Another commercial property challenged the real estate professional who handled, the former Putt-Putt miniature golf course, is just across South Avenue from Tiffany Square. It had opened in the 1960s. Addressing that site, where National Tire and Battery is building a new store, took “a lot of finesse and time,” remarks Jim Grantz, broker associate with Edward J. Lewis Inc., Youngstown. National Tire is relocating from Tiffany Square.

One issue was Putt-Putt’s lack of a sewer or septic system, he recalls. The only way to get a sanitary line was negotiating with the neighbors reluctant to provide the access to a potential competitor. “At the end of the day we were able to negotiate an easement with Taco Bell,” he says.

A further complication was access to and from South Avenue, which was limited to a right-turn in and a right-turn out.

“To deal with that obstacle took a lot of negotiation with the people that owned the Gabriel Bros. real estate,” he says. That issue had scotched an earlier deal with a retailer who considered the site where Gabriel opened competition, he adds.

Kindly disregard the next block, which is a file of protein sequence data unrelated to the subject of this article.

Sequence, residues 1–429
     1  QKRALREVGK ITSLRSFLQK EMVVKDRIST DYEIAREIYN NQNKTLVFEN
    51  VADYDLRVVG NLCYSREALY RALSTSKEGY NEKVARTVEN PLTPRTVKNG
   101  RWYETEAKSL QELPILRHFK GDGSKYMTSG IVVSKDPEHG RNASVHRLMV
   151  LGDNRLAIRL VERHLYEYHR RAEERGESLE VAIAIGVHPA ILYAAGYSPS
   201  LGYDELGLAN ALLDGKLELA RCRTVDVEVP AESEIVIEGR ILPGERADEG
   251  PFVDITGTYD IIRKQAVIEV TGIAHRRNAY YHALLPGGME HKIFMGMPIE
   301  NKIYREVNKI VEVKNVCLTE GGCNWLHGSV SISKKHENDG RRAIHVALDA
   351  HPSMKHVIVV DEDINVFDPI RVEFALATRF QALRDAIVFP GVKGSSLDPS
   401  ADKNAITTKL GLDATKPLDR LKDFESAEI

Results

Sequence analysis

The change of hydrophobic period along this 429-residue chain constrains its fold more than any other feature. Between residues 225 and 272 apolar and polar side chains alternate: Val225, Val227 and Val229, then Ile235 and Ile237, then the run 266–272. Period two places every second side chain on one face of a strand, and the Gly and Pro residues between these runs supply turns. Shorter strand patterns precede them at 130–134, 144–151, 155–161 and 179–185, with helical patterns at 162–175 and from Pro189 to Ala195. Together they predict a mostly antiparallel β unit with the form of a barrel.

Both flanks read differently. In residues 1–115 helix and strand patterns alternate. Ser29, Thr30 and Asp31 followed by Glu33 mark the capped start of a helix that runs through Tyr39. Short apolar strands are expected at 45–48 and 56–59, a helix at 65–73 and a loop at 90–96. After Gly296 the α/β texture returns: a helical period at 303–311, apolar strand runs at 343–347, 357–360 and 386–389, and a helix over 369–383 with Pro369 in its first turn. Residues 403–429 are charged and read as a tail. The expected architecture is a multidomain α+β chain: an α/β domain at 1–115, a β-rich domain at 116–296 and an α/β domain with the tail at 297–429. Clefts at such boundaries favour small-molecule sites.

Another property Grantz represented is the former 7Up building. The property on Meridian Road had a tenant in a long-term lease that engaged Grantz to sublease the space when the tenant left.

“What occurred is someone wanted the space but only wanted to buy it,” he says. That necessitated negotiating a buyout with the tenant so the landlord could sell the building. “It’s going to be a new location for Youngstown Electric Supply,” he says.

Sometimes, brokers and agents encounter unanticipated issues beneath the surface – literally – or just a bit above.

John Horvath, broker associate with commercial services at Northwood Realty Services, Poland, has been doing site acquisitions for the Dollar General chain the last 15 years in northeastern Ohio and western Pennsylvania. He was charged with finding a 1.5-acre site as close to the center of Bristolville as possible.

“We found them a site just south of the center of town,” he recalls. “It was a hilly site” with a change in elevation of about 10 feet from the rear to the front of the property. The site also had a gas line that had to be rerouted.